Ashley Williams, a relatively fresh face on the London fashion scene made a splash at this year’s fashion week with her small army of mall Goths dressed in cheongsam dresses with a modern twist. What appealed to me other than the shades of bubblegum pink and slightly mod 1960s aesthetic were the frog closures used in a variety of different ways. Traditionally they are the feature which decorates the right side of a dress or shirt and for the most part Williams has stuck to the brief but also used these elements in symmetrical skirts with thigh splits which I thought was very clever. It’s a little provocative but aesthetically interesting and adds texture as well. Even though my personal style largely revolves around the use of colour and patterns I still inspect my clothes for their craftsmanship and fine detail. Nothing make me feel more powerful than to wear an outfit that I mindfully chose which is beautiful up close as well as from afar and I like to capture all of those different levels when documenting my outfit.
Fashion bloggers and WOC such as Susie Bubble have already expressed a certain kind of inner turmoil concerning the style of these dresses as succinctly as “I like it! But I know I shouldn’t”. While I don’t see their design as problematic I should make the distinction that I am biracial, half white and half Malaysian Chinese so my ties to traditional design and culture are a little more tenuous. I’ve recently had the good fortune to buy lots of gorgeous clothes from my local thrift shop including a cheongsam, Asian quilted vest and inspired-blouse of which I have no problem styling with but I’m reluctant to sell these pieces on my Etsy store for sentimental reasons as well as a strange sense of pride. These feelings are confusing and in no way easy to resolved but I think the discussion of cultural appropriation in the fashion industry is an important one.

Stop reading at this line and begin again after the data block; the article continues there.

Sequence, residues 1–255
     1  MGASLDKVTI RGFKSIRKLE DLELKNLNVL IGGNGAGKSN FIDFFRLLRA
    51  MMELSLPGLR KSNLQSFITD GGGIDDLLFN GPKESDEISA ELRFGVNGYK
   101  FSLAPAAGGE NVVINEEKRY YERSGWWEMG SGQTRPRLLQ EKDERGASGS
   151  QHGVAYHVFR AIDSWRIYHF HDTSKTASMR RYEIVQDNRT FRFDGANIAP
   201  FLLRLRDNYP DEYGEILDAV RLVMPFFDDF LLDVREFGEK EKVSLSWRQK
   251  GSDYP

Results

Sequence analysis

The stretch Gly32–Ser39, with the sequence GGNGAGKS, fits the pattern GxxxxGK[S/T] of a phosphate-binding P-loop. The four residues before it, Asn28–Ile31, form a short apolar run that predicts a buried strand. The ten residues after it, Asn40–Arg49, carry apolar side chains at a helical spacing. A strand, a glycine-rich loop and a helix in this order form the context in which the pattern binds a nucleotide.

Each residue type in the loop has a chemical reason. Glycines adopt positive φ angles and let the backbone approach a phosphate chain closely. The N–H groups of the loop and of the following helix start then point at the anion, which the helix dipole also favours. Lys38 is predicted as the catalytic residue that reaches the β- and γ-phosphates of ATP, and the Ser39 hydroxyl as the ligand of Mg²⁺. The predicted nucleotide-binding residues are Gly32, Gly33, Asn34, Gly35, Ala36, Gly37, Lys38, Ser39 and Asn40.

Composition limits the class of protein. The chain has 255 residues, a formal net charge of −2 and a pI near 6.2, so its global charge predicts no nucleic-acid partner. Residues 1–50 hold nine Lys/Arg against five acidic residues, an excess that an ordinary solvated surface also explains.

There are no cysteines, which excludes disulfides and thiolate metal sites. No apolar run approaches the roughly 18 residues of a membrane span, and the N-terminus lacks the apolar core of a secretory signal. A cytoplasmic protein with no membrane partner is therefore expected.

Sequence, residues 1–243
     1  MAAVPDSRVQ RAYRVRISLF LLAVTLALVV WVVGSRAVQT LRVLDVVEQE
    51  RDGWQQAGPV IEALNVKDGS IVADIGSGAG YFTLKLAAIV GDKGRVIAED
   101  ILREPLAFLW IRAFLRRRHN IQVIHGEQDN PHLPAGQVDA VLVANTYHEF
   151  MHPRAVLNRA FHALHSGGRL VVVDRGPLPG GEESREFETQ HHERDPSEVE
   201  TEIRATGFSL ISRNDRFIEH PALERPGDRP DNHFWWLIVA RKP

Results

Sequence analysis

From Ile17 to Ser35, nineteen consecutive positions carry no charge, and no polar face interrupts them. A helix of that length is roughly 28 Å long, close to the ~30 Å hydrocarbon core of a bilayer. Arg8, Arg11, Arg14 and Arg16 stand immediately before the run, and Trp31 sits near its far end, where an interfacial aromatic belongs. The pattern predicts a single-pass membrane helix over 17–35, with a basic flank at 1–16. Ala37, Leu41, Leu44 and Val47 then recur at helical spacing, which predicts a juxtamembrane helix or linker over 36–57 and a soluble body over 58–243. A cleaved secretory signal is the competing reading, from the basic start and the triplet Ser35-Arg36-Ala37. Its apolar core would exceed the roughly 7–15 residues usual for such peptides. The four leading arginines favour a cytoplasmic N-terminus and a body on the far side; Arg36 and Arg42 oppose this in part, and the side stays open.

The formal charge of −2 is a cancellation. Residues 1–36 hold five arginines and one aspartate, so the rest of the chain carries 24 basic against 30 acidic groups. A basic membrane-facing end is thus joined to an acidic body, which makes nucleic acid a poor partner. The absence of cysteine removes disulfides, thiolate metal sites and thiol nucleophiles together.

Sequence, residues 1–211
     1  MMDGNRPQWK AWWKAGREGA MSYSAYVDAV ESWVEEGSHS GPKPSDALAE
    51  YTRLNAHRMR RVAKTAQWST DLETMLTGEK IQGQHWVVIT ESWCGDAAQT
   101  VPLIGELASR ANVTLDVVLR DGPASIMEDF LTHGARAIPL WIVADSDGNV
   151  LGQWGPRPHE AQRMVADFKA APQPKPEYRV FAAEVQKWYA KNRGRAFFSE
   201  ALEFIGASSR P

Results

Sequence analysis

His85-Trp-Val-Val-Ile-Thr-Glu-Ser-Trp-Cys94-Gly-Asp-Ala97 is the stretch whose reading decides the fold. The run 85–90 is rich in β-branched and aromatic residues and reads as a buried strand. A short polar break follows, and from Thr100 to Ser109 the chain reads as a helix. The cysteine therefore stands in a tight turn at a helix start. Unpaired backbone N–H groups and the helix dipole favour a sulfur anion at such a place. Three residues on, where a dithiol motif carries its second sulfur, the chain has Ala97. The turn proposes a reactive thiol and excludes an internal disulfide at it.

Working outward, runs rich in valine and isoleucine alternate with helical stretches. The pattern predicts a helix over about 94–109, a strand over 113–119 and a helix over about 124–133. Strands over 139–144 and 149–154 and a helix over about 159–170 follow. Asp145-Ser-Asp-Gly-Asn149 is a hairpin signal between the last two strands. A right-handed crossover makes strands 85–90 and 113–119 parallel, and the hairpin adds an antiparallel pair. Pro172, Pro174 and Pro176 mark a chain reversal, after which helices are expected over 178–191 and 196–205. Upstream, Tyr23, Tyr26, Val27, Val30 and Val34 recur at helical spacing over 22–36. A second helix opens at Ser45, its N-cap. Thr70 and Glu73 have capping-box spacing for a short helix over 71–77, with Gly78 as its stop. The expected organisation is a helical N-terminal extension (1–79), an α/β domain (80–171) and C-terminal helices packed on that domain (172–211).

Continuing from Prada’s AW/14 collection, glittery bras and bustiers continue to be worn over blouses and dresses rather than underneath and I love it. I had the chance to buy something similar from another brand about a week ago for twenty bucks and I missed my opportunity and my god I regret that decision so much. At a point where I have nothing but free time on my hands to experiment with personal style and particularly explore fashion without wearing a multitude of layers (as is my habit) I could have looked like a glittery Wonder Woman. I don’t think I’m quite as bold try wear such a look out yet but you never know, I’m expecting Melbourne and Australia in general to have some seriously hot weather over summer but I don’t want degrees of forty temperatures (that’s in degrees Celsius) to stop me from having fun over the holidays- as I have let it in the past. This time I am determined to have lots of fun and look cute doing it too!
While the clothes themselves remained crisp and experimental in design, the models touted somber expressions, heavy eye shadow and somewhat bedraggled locks tying in with some of the more commercialized designs of this collection. I said before it reminded me a little bit of mall Goths but never elaborated on the idea. Put simply the models looked sour-faced, like they didn’t want to be there but nonetheless wore their impeccably applied black lipstick and greased up hair. It kind of reminded me of what it felt like to be a moody teenager at the age of fourteen, getting dragged along to the shopping centre to help me mum buy a week’s worth of groceries. And while it didn’t necessarily marry well with the borrowed aesthetic of traditional Chinese dressers it did make the collection more accessible to some and for twenty-something year olds such as myself it was another thread in a rich tapestry to relate to. I loved it, but can appreciate that Ashley Williams is still learning her craft, and I can’t wait to see what she comes up with next.